While shooting the rams, a ewe (female bighorn sheep) came over the ridge and immediately grabbed the attention of the rams (male bighorn sheep).  I captured a very “intimate” moment between the ram and the ewe, but I’m not posting that photo because this is a family show :-)  From this highly graphic moment in nature, I learned the importance of being ready with your camera at any moment.  Sometimes when the animals let you near them for 15 minutes or more, it is common for photographers to eventually step back from the camera and wait for the action.  If you do, you’re likely to miss the action that can develop quickly.  And by the way, bighorn sheep breeding apparently occurs in about 5 seconds or less…. (too much information?)

mule deer in Yellowstone

Mule deer buck in Yellowstone.  Somebody should tell the idiot photographer (yes, me) to get a less distracting background so the antlers don’t get hidden.

As we headed back toward Gardiner, Montana and the northern stretch of the park in the afternoon to photograph more bighorn sheep, and we also happened upon a deer, tons of antelope, and a coyote.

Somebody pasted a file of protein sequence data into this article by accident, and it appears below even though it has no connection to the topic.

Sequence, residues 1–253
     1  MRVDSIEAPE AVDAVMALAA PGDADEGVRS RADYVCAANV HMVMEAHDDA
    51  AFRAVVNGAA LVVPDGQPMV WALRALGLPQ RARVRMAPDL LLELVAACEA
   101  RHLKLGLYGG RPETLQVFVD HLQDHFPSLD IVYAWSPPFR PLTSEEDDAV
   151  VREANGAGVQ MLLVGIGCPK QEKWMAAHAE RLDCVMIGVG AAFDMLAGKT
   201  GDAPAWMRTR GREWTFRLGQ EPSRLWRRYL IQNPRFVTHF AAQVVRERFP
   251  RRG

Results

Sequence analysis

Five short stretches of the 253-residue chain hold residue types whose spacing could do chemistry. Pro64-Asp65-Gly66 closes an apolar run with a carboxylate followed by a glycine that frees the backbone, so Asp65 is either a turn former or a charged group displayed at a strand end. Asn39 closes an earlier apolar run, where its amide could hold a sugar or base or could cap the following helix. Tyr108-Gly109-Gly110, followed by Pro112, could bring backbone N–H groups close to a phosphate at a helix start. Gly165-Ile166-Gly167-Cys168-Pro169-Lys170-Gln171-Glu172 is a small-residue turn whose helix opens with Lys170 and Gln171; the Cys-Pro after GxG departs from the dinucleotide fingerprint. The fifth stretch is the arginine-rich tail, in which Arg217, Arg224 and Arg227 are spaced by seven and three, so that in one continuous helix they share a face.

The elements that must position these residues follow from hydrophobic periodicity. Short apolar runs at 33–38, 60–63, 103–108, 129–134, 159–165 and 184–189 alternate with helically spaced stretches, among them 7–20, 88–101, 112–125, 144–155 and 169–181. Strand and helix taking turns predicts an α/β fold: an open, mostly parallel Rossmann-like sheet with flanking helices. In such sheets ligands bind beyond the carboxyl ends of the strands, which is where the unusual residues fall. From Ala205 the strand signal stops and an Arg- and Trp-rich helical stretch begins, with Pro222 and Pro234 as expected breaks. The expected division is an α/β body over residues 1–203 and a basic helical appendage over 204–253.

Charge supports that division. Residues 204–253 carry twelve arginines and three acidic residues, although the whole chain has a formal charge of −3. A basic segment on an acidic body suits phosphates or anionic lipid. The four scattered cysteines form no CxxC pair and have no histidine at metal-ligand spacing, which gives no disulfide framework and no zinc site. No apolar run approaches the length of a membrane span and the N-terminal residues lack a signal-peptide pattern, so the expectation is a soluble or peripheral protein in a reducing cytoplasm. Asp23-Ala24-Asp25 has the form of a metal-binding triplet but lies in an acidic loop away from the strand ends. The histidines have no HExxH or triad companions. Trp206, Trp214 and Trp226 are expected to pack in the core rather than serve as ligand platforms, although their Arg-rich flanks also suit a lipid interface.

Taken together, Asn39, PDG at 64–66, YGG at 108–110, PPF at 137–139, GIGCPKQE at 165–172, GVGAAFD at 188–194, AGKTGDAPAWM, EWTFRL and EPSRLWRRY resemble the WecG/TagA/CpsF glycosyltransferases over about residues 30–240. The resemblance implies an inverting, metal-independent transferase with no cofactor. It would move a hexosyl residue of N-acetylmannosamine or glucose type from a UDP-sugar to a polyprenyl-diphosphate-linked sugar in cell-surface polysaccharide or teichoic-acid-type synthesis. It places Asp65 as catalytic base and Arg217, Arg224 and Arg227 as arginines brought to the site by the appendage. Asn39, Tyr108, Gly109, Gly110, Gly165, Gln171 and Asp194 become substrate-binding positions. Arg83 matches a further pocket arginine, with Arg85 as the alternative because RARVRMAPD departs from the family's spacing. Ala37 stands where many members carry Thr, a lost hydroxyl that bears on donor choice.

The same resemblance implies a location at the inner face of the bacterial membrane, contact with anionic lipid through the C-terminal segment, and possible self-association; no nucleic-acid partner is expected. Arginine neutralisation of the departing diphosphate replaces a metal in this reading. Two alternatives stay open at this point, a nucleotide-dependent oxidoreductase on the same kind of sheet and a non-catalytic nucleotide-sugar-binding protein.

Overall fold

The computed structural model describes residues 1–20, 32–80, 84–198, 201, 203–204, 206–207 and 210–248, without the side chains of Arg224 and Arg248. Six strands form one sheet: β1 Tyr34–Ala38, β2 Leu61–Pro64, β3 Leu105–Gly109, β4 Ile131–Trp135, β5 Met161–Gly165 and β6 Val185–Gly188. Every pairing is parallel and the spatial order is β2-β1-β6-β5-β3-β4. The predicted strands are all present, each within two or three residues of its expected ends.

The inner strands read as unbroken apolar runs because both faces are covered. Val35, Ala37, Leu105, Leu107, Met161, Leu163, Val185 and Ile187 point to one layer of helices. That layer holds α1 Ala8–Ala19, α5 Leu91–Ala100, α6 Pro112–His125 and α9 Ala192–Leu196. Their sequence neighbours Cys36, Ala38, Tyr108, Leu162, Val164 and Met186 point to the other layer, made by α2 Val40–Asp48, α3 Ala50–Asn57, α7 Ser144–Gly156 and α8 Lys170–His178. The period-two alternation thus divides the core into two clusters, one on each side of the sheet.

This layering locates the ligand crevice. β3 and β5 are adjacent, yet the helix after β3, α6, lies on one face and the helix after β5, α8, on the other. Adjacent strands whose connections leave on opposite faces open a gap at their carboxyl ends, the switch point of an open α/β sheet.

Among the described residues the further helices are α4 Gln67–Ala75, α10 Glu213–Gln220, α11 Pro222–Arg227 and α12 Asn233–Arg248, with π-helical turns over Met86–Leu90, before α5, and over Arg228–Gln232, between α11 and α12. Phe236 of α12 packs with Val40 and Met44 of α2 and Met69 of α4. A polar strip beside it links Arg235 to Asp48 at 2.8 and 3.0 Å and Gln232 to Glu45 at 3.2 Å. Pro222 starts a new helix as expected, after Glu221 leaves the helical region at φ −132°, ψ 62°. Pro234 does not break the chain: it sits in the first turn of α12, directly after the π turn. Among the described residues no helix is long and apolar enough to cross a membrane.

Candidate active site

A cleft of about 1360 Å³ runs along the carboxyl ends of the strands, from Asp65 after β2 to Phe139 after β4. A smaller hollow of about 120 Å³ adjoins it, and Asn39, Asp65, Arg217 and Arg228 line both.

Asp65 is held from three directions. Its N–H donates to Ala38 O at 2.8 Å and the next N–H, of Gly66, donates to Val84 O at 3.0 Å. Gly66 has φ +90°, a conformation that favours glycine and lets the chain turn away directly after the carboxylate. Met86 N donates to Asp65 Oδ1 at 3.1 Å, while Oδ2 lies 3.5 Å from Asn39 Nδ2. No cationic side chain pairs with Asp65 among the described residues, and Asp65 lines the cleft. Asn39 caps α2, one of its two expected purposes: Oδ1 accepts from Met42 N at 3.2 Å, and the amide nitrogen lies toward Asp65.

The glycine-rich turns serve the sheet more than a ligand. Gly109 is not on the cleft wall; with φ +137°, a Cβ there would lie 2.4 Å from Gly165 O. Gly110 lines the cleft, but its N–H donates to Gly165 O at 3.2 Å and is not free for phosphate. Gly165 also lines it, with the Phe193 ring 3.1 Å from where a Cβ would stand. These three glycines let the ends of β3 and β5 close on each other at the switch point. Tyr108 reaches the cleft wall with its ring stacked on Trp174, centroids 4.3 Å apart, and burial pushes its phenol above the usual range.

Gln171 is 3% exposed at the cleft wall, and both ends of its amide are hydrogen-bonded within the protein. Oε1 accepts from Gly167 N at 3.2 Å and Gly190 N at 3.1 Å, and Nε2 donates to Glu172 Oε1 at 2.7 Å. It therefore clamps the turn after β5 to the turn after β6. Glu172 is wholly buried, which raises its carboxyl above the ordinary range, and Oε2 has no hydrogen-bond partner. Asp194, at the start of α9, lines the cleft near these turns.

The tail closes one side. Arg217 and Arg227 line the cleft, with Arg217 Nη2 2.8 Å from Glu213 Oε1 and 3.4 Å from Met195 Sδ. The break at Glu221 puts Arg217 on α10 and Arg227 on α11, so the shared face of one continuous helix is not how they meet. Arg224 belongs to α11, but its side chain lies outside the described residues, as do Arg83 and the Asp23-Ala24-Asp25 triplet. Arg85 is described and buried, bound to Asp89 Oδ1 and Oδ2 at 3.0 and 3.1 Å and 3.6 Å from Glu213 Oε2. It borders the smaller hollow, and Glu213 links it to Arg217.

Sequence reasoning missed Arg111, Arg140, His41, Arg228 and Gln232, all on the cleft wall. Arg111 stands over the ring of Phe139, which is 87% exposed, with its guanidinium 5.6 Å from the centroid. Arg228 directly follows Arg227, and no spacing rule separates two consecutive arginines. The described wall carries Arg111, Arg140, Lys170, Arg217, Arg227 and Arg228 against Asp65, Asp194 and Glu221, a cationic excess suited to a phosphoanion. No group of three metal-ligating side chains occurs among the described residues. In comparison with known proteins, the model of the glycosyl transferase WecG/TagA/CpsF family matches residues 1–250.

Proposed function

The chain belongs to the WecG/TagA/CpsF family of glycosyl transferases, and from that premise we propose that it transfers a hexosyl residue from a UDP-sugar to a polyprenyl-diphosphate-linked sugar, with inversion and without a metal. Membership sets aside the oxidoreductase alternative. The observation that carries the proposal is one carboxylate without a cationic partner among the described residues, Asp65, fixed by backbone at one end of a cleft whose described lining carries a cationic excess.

When shooting the deer, I made a huge mistake.  I positioned myself so that the a bush was directly behind the deer.  Since there wasn’t enough space between the deer and the background, the buck’s antlers are camoflauged and hidden by the twigs in the background.  To get cleaner backgrounds and make the wildlife “pop”, position yourself so that there is enough distance between the animal and the background so that you show shallow depth-of-field.